Airways announces $9.3 million operating profit
31 August 2012
Airways achieved a solid operating profit of $9.3 million in the 2011-12 year, a year characterised by recovery from natural disasters and primarily driven by growth in its international business.
The increase from last year’s net operating profit after taxation (NOPAT) of $ 4.7 million came from productivity gains in Airways core air traffic control business, in its training division and by new business developments in markets like the Middle East, Asia and South Africa.
Airways chief executive Ed Sims cited the success in contracting air traffic controller training from Saudi Arabia and incremental business from the new office in Beijing as drivers behind the 98% NOPAT improvement.
“While our core domestic air traffic control role and safety will always be of prime importance, we know that to achieve growth in the future we will need to look at developing products and services for international markets,” says Ed Sims.
“Our core air navigation service (ANS) revenue grew by stimulating a more cost effective operating environment for our airline customers. With fuel at a new norm above $100 per barrel, optimised flight planning, which reduces fuel burn and has saved our airline customers millions of dollars, has become more critical than ever.
“With international airline capacity reduction, new fuel price increases and continued financial uncertainty, the year ahead is already looking to be challenging,” said Sims.
Airways controlled 1.1 million air traffic movements across 30 million kilometres of airspace during the 2011-12 year. The company continued to stay at the forefront of technological improvements in aviation while achieving a total system reliability of 99.94%.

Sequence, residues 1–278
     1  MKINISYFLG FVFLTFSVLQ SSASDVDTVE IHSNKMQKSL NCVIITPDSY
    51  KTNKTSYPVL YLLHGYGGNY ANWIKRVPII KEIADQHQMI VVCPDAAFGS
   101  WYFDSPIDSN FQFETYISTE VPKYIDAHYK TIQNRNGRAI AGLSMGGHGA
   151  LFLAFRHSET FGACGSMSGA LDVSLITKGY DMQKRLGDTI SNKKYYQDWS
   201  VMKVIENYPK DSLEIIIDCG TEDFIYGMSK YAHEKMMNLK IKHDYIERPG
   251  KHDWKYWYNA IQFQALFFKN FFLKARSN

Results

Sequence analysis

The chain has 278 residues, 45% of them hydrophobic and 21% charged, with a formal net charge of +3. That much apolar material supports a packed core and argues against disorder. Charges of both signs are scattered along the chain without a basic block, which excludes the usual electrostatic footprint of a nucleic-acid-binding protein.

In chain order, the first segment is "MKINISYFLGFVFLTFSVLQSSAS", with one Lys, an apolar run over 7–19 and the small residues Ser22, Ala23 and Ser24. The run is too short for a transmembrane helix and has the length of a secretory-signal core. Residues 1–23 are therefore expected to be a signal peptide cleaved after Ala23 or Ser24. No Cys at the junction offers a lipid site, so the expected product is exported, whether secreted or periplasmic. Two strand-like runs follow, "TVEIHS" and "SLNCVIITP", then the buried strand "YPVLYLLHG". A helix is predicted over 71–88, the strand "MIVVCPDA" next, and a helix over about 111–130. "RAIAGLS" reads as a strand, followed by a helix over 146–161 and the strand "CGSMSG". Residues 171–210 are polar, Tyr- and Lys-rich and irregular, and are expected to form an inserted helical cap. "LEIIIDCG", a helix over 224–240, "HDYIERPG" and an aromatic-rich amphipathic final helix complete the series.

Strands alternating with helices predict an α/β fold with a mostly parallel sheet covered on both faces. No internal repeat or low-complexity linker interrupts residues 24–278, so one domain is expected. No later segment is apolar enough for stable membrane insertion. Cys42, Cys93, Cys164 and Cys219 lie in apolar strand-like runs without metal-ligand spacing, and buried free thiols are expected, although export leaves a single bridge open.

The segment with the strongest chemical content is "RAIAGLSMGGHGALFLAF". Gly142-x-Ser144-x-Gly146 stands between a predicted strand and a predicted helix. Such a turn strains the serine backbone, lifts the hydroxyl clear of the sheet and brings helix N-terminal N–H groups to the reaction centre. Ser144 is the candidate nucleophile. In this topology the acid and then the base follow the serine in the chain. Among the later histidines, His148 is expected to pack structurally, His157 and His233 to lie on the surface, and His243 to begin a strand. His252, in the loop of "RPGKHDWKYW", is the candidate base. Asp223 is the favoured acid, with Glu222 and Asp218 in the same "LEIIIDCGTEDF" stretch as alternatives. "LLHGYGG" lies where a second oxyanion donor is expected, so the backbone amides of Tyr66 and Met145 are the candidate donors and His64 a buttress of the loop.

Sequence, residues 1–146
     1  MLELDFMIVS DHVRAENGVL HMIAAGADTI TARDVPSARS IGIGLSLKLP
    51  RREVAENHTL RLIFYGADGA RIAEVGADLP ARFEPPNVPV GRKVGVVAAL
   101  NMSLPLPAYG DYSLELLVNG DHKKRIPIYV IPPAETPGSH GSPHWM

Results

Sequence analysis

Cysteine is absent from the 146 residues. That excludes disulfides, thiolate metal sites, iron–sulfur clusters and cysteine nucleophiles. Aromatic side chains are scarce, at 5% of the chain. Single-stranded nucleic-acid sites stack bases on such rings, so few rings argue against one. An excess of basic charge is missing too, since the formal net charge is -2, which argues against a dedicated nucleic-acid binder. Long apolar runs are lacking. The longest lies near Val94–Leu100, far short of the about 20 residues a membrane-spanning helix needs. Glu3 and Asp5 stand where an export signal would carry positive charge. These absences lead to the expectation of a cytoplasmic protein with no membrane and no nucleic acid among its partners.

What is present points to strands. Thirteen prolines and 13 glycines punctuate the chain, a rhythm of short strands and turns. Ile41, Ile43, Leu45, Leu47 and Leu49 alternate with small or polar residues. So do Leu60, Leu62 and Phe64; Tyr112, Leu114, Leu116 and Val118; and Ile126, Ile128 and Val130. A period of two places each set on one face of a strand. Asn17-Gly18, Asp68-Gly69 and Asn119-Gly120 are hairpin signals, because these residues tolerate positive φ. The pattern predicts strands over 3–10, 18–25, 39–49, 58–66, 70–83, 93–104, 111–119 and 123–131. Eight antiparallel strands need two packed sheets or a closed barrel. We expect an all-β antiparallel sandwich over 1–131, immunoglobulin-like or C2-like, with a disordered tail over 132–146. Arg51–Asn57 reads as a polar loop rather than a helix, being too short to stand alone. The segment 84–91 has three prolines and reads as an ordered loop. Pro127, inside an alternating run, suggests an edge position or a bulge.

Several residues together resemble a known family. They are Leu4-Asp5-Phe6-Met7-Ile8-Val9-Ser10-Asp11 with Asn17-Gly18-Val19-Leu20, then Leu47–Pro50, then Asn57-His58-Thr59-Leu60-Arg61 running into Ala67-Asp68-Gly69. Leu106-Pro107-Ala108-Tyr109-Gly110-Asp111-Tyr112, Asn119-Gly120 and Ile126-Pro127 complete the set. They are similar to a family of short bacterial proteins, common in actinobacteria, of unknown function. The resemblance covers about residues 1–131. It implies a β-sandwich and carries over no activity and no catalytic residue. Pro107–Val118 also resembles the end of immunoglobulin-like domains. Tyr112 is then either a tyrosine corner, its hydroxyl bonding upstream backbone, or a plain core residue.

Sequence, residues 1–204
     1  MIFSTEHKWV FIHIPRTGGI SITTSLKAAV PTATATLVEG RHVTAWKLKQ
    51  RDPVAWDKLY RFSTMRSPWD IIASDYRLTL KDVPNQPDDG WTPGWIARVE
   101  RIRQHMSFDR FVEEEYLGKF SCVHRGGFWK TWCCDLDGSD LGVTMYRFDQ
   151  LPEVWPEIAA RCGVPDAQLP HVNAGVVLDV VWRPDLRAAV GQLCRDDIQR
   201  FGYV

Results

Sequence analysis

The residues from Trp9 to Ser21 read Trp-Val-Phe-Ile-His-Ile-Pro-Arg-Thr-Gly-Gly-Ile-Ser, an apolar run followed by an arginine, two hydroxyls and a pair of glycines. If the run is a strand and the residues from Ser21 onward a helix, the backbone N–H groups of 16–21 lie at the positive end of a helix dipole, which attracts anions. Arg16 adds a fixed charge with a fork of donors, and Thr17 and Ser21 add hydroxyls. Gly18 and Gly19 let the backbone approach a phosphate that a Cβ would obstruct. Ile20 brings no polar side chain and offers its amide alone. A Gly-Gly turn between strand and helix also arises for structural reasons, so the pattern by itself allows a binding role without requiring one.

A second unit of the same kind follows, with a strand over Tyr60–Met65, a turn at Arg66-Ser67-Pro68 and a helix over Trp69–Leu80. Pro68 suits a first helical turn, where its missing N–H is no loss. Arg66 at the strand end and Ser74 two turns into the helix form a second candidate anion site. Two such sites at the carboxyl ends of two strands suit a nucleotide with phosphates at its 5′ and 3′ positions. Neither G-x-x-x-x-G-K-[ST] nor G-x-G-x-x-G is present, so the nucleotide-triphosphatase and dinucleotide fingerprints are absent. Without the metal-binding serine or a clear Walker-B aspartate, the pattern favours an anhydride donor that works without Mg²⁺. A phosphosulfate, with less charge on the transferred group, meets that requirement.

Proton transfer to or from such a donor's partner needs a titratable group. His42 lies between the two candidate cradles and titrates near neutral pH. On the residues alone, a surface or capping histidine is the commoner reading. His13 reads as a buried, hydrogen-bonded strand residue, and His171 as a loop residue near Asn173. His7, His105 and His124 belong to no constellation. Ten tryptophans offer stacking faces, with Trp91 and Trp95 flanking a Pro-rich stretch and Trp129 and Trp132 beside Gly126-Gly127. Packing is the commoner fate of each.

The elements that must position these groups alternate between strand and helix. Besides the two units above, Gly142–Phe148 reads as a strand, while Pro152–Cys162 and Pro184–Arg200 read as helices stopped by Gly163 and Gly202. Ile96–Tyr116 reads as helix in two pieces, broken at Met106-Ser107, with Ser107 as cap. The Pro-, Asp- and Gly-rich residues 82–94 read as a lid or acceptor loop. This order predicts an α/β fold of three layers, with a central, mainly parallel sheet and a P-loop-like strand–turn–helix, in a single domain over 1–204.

Airways chair Susan Paterson said that the $9.3 million NOPAT was achieved at a difficult time for Airways staff and for the aviation sector.
“The majority of Airways staff are based in Christchurch so they’ve had another tough year. I would like to credit management and all our staff, for their commitment to providing air traffic control services to such high levels of reliability and safety”.
For further information:
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- Airways is a world leading commercial Air Navigation Service Provider, based in New Zealand.
- Airways delivers air traffic control and engineering training; provides ATM/CNS and AIM/AIS design; project management and procurement consultancy in over
- For more information about Airways please visit www.airways.co.nz
What is Air Traffic Control?
Air Traffic Control comprises the various aircraft navigation and communication systems that use computers, radar, radios, and other instruments and devices to provide guidance to flying aircraft.
Trained personnel working as air traffic controllers at stations on the ground constantly monitor these systems and track the locations and speeds of individual aircraft. Controllers can warn aircraft should they come too close to each other. Air traffic control is also used for the safe coordination of landings and takeoffs at airports.
Aviation plays a crucial role in New Zealand’s economic wellbeing.
Projected long-term growth of the aviation sector globally means it is essential to maintain the vitality of aviation through safe, effi cient, cost effective and environmentally sustainable air navigation services. To ensure this, future Air Traffic Management (ATM) systems must provide for optimum use of enhanced technology capabilities; both airborne and ground based.